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Doctor Who: Logopolis (Review)

To celebrate the fiftieth anniversary of the longest-running science-fiction show in the world, I’ll be taking weekly looks at some of my own personal favourite stories and arcs, from the old and new series, with a view to encapsulating the sublime, the clever and the fiendishly odd of the BBC’s Doctor Who.

Logopolis originally aired in 1981. It was the second instalment in the “Master” trilogy.

It’s the end… but the moment has been prepared for.

– the Doctor finally figures out what this year has been about

I don’t think the departure of a Doctor has even been a bigger deal than it was with Tom Baker. Sure, Christopher Eccleston’s first season was so fixated on death that his departure seemed preordained, even in the episodes written before his decision to leave. Similarly, Peter Davison’s final year seems designed to demonstrate that the universe is no longer suited to this particular iteration of the Doctor. Maybe David Tennant’s final year is focused on his passing, but the episodes are so spaced out that it makes little difference. However, we’ve just spent an entire year focused on the idea of entropy and decay, the inevitably of change and the notion that death is just a nature part of the cycle of things.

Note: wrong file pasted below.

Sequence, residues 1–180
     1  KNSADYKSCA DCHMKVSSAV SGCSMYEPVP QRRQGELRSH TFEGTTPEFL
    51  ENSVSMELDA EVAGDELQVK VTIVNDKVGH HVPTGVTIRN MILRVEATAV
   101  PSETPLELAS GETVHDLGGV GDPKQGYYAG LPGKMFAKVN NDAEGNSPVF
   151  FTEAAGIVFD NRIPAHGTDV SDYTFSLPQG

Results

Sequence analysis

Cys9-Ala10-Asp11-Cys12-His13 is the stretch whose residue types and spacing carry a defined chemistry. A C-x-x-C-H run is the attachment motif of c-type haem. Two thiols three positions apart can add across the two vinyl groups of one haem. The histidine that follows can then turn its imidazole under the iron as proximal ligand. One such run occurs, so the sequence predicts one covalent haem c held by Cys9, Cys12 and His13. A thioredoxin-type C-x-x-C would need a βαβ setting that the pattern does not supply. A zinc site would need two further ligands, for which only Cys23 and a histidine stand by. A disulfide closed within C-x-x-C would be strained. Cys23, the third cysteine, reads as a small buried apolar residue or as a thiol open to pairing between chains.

When the Doctor assures his companions that “the moment has been prepared for”, he may as well be looking at the camera, assuring those of us at home that the past year has been spent readying them for the unthinkable: the time when Tom Baker might not be the Doctor.

Final destination?

Final destination?

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